Pre-heat the oven to 190C.

Take one roll of pastry from the packet. Unroll it carefully and cut it into three strips of approximately 12 cm wide. Take one piece of pastry and cover the rest. Put a spoonful of cooked vegetables at the narrow end nearest to you. Fold the sides in over the filling by 1 cm and roll up around the filling. Brush with oil to seal at the end and brush the whole roll with a light coating of oil. Place on a baking tray and continue to make the rest of the rolls. If you prefer thicker, more sturdy rolls use two sheets at a time.
Bake for 15 minutes until the edges are golden and the rolls are crisp.
Allow to cool for 5 minutes before serving with the pineapple and peanut sauce to dip.


I’m busy creating a recipe for the second Freshly Blogged challenge already, which I’ll post here next week, then I hope to stay in for at least a few more rounds (or even right to the end!) as I’m enjoying the stimulus of coming up with new things every week!

Please vote for this recipe here - I'd very much appreciate it and will love you for ever!

NB for my non-South African readers: dhania is coriander/cilantro.

Tuesday, July 02, 2013

Mildly Spiced ‘Persian’ Bean Soup Recipe

At the end of last term, our girls were performing a Persian play at school. Parents were asked to provide food with a Persian flavour; it being the middle of winter, soups and breads were suggested.  Now Persian suggests to me richly woven carpets, rosewater and perhaps jewel-like pomegranate seeds, sorbets, sherbets and such-like delicacies. I’ve obviously been reading too many fairy-tales!

For a more down to earth perspective and less daunting challenge, I turned to my trusty Madhur Jaffrey book, which includes recipes from the Middle East, Iran, Turkey and Japan, as well as India. I found several recipes that sounded good, featuring mild spices and many pulses, poor man’s Persia perhaps. In the end I created a soup inspired by elements from several recipes and added my newly favourite spice combo – garam masala. I’ve recently fallen in love with its aromatic and gentle spiciness having ignored it on the shelf for years, so it deserved a starring role for once.

Here is my final recipe, first tested at the girls’ play, then at our Midwinter Festival, at both of which events it disappeared very quickly. It finally managed to get photographed today after being served up for Middle Daughter’s 13th birthday lunch. Perhaps it doesn’t sound very birthday-ish, but she has planned  a birthday tea with chocolate cake and cheese biscuits, shortly to be followed by a braai fire with boerewors, stick bread and marshmallows, so a lunchtime healthy soup sounded like a good foundation for the feasting to follow!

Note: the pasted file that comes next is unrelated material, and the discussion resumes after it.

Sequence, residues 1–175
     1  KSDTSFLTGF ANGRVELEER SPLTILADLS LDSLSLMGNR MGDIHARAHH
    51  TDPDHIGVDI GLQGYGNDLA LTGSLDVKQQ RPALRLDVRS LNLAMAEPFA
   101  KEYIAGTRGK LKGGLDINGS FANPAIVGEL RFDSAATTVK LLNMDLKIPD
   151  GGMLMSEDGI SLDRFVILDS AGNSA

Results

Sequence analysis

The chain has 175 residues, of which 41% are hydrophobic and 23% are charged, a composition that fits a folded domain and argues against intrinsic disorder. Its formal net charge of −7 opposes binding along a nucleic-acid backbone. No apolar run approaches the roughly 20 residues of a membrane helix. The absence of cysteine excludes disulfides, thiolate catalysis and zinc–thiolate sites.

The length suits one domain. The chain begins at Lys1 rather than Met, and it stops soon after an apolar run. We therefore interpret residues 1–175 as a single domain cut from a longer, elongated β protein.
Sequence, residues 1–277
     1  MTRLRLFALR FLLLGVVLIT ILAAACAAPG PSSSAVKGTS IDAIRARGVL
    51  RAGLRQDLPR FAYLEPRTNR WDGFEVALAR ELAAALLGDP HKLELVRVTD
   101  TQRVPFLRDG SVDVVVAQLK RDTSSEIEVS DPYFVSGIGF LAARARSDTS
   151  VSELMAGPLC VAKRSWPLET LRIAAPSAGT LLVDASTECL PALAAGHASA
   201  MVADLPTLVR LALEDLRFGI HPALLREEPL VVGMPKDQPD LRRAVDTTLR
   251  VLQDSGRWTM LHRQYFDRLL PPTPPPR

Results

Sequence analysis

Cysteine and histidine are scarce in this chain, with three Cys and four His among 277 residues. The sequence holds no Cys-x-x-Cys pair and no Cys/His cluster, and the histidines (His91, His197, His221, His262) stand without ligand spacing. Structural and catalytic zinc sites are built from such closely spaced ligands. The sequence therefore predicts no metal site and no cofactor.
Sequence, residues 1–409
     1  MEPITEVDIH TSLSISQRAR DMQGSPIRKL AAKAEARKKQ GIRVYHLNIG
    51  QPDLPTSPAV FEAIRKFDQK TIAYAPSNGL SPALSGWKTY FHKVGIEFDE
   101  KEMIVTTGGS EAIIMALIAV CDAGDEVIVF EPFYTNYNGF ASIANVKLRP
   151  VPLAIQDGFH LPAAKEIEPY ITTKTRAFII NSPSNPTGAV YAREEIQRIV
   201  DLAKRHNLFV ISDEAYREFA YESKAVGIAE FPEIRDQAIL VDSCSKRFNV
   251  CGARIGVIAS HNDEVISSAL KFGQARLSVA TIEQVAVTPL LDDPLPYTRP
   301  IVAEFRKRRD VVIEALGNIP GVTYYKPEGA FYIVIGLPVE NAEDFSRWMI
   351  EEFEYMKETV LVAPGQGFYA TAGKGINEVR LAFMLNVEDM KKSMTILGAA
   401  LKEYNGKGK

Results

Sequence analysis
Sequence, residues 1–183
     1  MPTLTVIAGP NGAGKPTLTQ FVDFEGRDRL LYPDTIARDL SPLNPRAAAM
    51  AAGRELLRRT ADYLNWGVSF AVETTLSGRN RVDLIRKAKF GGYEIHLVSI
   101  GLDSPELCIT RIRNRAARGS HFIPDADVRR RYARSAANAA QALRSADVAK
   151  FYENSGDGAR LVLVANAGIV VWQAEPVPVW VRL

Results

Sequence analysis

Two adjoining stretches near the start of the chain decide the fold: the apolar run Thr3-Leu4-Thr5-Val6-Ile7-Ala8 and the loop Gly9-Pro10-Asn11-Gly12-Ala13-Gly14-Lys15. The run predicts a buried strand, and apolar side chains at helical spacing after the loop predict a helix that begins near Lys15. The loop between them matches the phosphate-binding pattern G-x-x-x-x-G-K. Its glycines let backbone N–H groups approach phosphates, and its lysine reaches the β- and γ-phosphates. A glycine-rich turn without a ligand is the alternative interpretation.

It’s simple to make, filling and warming and goes down well with all but the most ardent vegetable refuseniks.

Recipe for Persian-Inspired Bean Soup
500g dried haricot or other small white beans
2 onions
1 clove garlic
2 tomatoes
2 potatoes
2 tablespoons olive oil
1 ½  teaspoons cumin
1 ½ teaspoons garam masala
½ teaspoon turmeric
Salt and pepper
2-3 teaspoons lemon juice

Soak the beans overnight in plenty of water. Rinse and then put into a pot with enough water to cover the beans by 2 cm or so. Bring to the boil and simmer for an hour.

Chop the onions and garlic quite small. Chop tomatoes and potatoes into small cubes.
Heat the oil in a frying pan and add the onions and garlic. Cook until starting to soften. Add the spices and cook stirring for a minute. Add the tomatoes and then the potatoes, stirring well to coat everything.

Check the water level in the beans. It should just cover them. If there is too much water, remove the excess. Now add the contents of the frying pan to the beans, season with salt and pepper and cook for another hour, until the beans and potatoes are very tender. Check for seasoning. At this stage it can be left and reheated later.

Just before serving, add the lemon juice to taste. Don’t be tempted to leave this out, as it really lifts all the flavours to a new dimension and adds a lively touch.


I’m taking part in the PicknPay Freshly Blogged SA bloggers competition, which started last Friday and will be carrying on for 11 weeks, with 5 people being eliminated each week and a grand finale cook-off for the last three in September. It’s a Masterchef mystery box style challenge where we are given set ingredients and have to come up with a recipe. I’ll be publishing my first recipe here very soon, which I’ve submitted to their site today. The deadline for our submissions is tomorrow and the Freshly Blogged site goes live on Monday, when you’ll be able to vote for your favourite recipe. (Hint - mine is delicious!)  It’s  been great fun, stimulating creative food thinking, so I hope to stay in for as many rounds as possible, and there’s plenty of worthy competition among all my fellow SA food bloggers!

Our list included Thai frozen vegetables, phyllo pastry, garlic, ginger and dhania paste, 2-minute noodles, a pineapple and an orange... we were allowed to omit one ingredient and add one ingredient of our choice... what would you have made?